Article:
2012 Mini Cooper S John Cooper Works Hatchback
2012 Mini Cooper S John Cooper Works Hatchback. Click image to enlarge
Test Drive: 2010 Mini Cooper S JCW Cabrio

Manufacturer’s web site
Mini Canada

Review and photos by Mike Schlee

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2012 Mini Cooper S JCW

There are some vehicles out there with an appeal words cannot convey. There is some magical element that attracts people to these vehicles in a religious way. People who do not fall under this supernatural spell do not understand why others are so adamant that their vehicle is the best thing since sliced bread. Many Jeep owners wear this as a badge of honour and proudly display stickers on their vehicles claiming “It’s a Jeep thing. You wouldn’t understand”. Recently, I saw a Pontiac Aztek with a similar bumper sticker claiming it was an Aztek thing and I wouldn’t understand; you, sir, are correct, I don’t understand.

And that brings us to the Mini. The original BMC Mini, and its entire line of offspring, firmly resides in the land of fanatical cult followings. Every conceivable automotive body style has been grafted onto the minuscule Mini chassis since 1959 and Mini fans have loved every one of them; well, most of them at least. Fast-forward to the new millennium and a retro-look Mini is unleashed in 2001, sparking a whole new generation of Mini loyalists, albeit on a lesser level.

2012 Mini Cooper S John Cooper Works Hatchback
2012 Mini Cooper S John Cooper Works Hatchback
2012 Mini Cooper S John Cooper Works Hatchback. Click image to enlarge

I am one who has never had a bad case of Mini fever. In fact, I have barely even had a Mini sniffle or Mini headache. Sure, I think they are cool cars and know about their handling prowess, but I have always written them off in my mind due to their front-wheel-drive layout and my perception that they are overpriced. So what is the best way to test whether my fact-less assumptions were correct? Why, by testing out the baddest, fastest, meanest Mini currently on the market: the Mini Cooper S John Cooper Works.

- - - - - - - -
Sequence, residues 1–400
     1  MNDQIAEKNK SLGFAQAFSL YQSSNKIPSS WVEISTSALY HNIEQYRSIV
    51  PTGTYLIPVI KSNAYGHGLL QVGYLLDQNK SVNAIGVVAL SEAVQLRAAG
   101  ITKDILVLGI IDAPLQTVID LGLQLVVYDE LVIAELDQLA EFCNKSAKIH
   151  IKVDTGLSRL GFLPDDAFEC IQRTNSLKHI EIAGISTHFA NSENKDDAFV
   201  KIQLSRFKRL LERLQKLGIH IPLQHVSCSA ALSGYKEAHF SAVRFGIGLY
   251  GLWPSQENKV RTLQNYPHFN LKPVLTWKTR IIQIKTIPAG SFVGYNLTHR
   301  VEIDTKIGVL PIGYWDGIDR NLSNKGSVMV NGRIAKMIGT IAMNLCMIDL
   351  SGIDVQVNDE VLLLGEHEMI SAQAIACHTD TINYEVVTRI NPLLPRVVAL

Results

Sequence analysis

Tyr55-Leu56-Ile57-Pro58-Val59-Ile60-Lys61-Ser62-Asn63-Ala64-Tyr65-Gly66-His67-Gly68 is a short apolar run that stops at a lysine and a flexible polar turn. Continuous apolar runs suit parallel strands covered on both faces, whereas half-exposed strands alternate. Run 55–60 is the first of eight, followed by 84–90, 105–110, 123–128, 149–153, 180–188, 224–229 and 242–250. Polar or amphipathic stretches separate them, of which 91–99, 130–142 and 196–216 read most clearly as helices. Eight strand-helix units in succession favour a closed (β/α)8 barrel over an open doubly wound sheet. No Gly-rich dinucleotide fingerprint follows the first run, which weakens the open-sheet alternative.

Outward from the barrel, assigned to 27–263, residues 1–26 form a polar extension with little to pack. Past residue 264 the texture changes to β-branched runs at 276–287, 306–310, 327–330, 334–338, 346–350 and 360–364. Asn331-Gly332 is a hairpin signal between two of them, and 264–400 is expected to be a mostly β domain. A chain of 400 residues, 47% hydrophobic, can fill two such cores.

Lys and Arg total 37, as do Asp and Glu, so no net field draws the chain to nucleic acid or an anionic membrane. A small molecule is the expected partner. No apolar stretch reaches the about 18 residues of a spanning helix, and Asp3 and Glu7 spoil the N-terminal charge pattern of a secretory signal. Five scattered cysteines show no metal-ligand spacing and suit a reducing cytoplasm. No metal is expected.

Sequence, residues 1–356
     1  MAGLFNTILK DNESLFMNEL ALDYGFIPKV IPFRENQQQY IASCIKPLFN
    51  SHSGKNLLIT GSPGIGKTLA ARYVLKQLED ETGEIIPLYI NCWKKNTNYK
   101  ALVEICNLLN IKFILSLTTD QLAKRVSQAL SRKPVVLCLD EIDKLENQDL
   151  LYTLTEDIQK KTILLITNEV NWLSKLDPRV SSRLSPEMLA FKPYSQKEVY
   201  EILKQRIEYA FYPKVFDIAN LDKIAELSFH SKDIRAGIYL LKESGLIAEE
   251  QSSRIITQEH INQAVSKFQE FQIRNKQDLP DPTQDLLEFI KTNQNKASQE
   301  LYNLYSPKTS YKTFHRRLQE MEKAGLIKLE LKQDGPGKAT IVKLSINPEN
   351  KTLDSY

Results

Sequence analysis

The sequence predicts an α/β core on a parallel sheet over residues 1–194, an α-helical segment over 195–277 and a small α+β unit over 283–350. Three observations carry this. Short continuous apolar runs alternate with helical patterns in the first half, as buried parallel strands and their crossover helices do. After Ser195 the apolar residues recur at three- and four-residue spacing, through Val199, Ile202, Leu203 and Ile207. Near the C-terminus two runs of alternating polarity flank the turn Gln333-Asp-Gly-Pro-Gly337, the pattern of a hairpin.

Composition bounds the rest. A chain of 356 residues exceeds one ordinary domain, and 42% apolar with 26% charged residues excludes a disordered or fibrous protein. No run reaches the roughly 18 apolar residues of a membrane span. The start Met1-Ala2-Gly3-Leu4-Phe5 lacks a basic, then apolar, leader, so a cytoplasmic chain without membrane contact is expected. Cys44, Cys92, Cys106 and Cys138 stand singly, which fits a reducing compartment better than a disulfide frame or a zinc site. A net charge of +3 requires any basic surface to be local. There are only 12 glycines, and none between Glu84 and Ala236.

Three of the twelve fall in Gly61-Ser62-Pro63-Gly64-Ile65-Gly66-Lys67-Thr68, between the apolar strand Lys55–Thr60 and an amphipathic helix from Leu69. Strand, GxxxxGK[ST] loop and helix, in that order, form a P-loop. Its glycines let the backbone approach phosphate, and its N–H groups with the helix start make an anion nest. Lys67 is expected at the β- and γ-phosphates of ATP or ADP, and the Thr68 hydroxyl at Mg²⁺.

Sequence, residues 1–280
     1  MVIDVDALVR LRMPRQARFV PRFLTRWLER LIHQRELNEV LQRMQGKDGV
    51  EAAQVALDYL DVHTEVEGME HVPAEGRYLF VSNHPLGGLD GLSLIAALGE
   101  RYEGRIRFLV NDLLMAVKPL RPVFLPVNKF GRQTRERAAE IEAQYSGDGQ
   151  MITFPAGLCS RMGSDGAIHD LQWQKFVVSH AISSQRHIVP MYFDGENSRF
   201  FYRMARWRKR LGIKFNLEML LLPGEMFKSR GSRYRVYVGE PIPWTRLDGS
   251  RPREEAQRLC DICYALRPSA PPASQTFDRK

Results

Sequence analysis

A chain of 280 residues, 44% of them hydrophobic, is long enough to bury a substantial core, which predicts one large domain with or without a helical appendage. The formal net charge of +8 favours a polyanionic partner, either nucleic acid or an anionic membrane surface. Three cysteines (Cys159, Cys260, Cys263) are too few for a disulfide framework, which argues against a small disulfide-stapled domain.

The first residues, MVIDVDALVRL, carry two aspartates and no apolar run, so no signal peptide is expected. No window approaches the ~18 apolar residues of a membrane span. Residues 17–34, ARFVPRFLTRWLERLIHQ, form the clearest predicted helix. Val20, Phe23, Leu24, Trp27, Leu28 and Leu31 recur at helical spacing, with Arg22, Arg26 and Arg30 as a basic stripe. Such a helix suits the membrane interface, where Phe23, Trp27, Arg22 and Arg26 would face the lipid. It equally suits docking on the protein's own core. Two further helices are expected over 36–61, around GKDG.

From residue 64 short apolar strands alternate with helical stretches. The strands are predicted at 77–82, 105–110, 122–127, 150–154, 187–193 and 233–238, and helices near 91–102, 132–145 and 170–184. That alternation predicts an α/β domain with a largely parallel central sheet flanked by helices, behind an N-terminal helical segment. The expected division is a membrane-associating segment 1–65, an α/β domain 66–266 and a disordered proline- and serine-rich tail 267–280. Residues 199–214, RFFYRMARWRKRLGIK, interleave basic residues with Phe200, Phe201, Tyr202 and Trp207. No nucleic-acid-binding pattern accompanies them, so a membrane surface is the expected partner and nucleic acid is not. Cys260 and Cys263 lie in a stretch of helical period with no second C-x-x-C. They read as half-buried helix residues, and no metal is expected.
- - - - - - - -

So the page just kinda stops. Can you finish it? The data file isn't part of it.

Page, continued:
The John Cooper Works (JCW) package is available on any of Mini’s current models as long as they already have the turbocharged engine from the S models. The John Cooper Works adds some serious performance punch to the already peppy Cooper S. The 1.6L turbocharged four-cylinder engine is pumped up to 208 hp and 192 lb-ft of torque. Overboost is standard on all turbocharged Minis and allows the turbo to hit a higher peak PSI for short bursts, thus increasing torque to 207 lb-ft. To help get this power to the ground, the JCW features an electronic differential locking control (EDLC), which is basically a simulated limited-slip differential using the brakes to control wheel-spin under hard cornering conditions.

But how does a 1,210 kg vehicle handle this much power being fed through its front wheels? Surprisingly well, actually. I was certain it would turn into a torque-steer nightmare, but it never did. Power is immediate and with a little rpm dialed up, the Mini will launch from a dead stop with little drama. Unless high-rpm clutch-drops are performed, you would be hard pressed to know this car isn’t all-wheel drive as the tires grip and go. Yes, turbo lag at lower rpms is noticeable, but actually, it is quite good when you consider the engine is making 129 lb-ft of torque per litre of displacement. The waste gate is loud, as is the turbo when spooling, and I love it. I would find myself driving around in high gears, constantly playing with the accelerator pedal just to induce a ‘hiss’ and ‘psssh’ turbo symphony.

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